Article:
Heatproof Your Skin
Soothe (and prevent) itchy, prickly outbreaks.
You’re hot: You’ve worked up a sweat – and now notice clusters of tiny, red bumps on your skin. These are tips on how to treat this common skin condition.
The Basic Facts
Heat rash, also known as prickly heat, occurs when pores become clogged, often after prolonged exposure to perspiration. Tight or damp clothing is typically just one trigger (plain old heat and humidity is another). When skin can’t “breathe,” sweat gets trapped inside pores, irritating skin and causing small clusters of red bumps (sometimes fluid-filled) to appear. The slight swelling, and occasional bursting, of these bumps gives you a prickly sensation.
What To Look For
You have heat rash (as opposed to an allergic reaction like hives) if you notice:
- Skin stinging or prickling, similar in sensation to a small bug bite. (It’s where this condition gets its name).
- A cluster of bumps in folds of skin (e.g. elbow creases and beneath the breasts) or beneath clothing where fabric rubs against skin.
Take these skin-calming steps:
- Avoid itching and scratching; it can irritate heat rash.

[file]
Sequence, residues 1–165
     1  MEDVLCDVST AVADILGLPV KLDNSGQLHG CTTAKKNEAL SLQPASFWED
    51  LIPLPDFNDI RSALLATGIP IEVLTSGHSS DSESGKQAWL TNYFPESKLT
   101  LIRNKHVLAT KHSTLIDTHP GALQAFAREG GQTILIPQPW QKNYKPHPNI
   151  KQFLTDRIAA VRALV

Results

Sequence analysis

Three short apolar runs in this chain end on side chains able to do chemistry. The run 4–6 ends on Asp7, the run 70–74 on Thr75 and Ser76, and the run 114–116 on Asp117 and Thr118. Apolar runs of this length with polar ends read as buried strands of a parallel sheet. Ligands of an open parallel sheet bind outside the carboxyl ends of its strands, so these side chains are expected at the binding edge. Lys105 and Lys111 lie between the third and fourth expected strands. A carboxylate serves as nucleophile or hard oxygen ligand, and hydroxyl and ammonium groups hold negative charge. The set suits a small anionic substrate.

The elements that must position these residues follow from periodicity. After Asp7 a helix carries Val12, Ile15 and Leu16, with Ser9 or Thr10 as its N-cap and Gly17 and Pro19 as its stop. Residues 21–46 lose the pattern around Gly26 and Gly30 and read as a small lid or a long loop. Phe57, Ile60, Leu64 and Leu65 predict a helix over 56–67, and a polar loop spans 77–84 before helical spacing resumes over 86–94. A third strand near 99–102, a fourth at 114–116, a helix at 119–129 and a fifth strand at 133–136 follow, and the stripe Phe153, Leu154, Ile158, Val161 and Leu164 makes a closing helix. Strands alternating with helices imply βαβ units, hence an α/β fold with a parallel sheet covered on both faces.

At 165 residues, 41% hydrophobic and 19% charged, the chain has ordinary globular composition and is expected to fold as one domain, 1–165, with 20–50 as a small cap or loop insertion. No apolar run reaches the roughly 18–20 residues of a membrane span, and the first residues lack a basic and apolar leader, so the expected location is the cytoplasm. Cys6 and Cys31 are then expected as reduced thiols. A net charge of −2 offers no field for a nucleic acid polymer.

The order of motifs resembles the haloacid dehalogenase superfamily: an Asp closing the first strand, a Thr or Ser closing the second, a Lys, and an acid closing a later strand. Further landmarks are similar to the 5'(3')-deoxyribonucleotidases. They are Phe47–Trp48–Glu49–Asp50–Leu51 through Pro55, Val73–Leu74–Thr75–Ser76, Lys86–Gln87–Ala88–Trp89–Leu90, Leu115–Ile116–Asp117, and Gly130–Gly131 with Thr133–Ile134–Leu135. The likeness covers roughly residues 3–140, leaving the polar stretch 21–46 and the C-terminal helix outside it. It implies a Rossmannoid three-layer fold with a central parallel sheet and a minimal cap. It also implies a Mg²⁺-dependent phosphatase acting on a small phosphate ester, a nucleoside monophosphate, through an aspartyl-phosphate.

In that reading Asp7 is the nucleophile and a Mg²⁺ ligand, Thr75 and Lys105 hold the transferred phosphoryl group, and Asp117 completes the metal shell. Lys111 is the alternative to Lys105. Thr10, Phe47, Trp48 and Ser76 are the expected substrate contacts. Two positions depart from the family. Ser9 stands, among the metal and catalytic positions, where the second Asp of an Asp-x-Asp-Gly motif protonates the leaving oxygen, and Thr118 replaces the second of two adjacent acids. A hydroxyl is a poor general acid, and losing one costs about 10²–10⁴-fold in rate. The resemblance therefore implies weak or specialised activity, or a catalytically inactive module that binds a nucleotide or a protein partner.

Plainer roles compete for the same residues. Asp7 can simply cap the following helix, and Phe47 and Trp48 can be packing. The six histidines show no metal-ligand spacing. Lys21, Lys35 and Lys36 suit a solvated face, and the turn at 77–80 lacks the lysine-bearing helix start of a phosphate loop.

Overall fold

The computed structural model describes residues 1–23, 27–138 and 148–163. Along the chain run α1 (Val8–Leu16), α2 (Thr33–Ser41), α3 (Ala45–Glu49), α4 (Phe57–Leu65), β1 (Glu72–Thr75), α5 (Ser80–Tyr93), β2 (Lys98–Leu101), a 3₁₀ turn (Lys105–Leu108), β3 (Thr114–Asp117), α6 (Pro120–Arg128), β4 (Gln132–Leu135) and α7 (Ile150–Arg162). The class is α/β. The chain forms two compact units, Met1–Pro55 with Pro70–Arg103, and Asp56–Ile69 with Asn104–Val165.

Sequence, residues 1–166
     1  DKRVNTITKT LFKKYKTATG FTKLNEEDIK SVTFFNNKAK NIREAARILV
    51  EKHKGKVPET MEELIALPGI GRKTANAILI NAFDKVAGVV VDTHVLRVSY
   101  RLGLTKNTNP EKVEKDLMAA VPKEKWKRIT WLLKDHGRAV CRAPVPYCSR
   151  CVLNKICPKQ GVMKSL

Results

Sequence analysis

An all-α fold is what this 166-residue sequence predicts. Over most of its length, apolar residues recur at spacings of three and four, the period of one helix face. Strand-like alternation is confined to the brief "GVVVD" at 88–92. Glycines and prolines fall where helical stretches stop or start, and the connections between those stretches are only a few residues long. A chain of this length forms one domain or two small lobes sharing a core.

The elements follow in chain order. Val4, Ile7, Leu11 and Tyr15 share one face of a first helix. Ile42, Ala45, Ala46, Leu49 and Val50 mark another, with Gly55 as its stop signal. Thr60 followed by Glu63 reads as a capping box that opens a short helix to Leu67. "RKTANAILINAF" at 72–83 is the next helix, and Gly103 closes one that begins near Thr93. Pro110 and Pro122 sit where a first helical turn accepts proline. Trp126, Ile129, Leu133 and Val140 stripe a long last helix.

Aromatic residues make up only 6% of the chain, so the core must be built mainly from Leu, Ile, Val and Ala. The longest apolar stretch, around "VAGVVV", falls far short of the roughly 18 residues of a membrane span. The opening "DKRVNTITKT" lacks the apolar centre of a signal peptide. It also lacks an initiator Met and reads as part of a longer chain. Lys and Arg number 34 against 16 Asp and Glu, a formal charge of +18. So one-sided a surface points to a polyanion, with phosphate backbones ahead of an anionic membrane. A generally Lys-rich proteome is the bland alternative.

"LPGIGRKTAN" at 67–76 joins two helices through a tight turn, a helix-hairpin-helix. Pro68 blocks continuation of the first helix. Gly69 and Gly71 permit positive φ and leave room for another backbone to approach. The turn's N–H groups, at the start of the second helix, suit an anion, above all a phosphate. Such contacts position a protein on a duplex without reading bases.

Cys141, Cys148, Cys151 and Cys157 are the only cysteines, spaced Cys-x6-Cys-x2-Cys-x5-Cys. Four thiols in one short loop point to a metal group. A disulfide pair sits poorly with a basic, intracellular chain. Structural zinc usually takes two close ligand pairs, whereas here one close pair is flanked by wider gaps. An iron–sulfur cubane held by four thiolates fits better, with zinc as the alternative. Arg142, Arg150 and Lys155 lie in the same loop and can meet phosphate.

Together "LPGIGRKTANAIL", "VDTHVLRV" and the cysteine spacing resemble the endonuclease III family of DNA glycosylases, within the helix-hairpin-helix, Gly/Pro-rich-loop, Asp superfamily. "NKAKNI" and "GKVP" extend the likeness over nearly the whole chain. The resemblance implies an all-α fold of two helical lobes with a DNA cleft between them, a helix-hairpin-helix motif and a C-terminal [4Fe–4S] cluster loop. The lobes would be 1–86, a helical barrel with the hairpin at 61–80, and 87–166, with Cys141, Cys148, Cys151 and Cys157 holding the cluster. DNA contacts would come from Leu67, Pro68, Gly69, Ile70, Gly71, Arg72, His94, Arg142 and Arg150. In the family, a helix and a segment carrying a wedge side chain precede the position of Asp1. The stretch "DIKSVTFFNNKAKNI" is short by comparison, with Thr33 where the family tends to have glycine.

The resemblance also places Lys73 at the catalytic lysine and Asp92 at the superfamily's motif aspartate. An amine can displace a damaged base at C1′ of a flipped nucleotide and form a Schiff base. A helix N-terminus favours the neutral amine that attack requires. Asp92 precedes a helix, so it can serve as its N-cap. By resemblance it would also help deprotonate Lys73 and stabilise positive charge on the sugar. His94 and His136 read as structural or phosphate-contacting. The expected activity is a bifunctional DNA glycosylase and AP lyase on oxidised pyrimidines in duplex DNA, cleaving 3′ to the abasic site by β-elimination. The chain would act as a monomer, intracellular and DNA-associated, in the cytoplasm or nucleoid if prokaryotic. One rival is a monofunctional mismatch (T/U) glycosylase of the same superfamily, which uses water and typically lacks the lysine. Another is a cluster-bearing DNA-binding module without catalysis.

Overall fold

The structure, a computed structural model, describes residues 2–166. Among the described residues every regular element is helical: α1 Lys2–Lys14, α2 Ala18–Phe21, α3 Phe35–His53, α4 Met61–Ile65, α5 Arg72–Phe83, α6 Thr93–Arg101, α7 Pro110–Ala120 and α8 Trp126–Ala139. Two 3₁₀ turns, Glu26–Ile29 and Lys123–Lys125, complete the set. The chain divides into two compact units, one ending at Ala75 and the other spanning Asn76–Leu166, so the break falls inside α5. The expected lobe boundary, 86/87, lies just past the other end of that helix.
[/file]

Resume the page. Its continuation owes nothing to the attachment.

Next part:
- Apply hydrocortisone cream every four to six hours to clean, dry skin. Try Aveeno 1% Hydrocortisone Anti-Itch Cream, with soothing aloe and oat flour.
- Avoid applying oils and heavy ointments to skin if you’re prone to this condition.
- Dust body powder on dry skin to ease discomfort and keep clammy-prone areas from becoming sweaty. Try Shower to Shower Absorbent Body Powder.
- Wear sweat-wicking clothing during workouts to help perspiration dissipate rather than remain on skin, causing pores to become clogged.
- Stay in air-conditioned areas on high-humidity days as much as possible. (Cool baths also can help.)
If you commonly get heat rash and feel yourself breaking a sweat, take a shower, swim or fan yourself to cool off and reset your body’s thermometer.
The bottom line Sporadic heat rash is annoying, but not worrisome. If heat rash becomes a regular thing (more than once a week), consult your doctor. The fact that it keeps recurring may indicate that something else, like a skin allergy, is the trigger.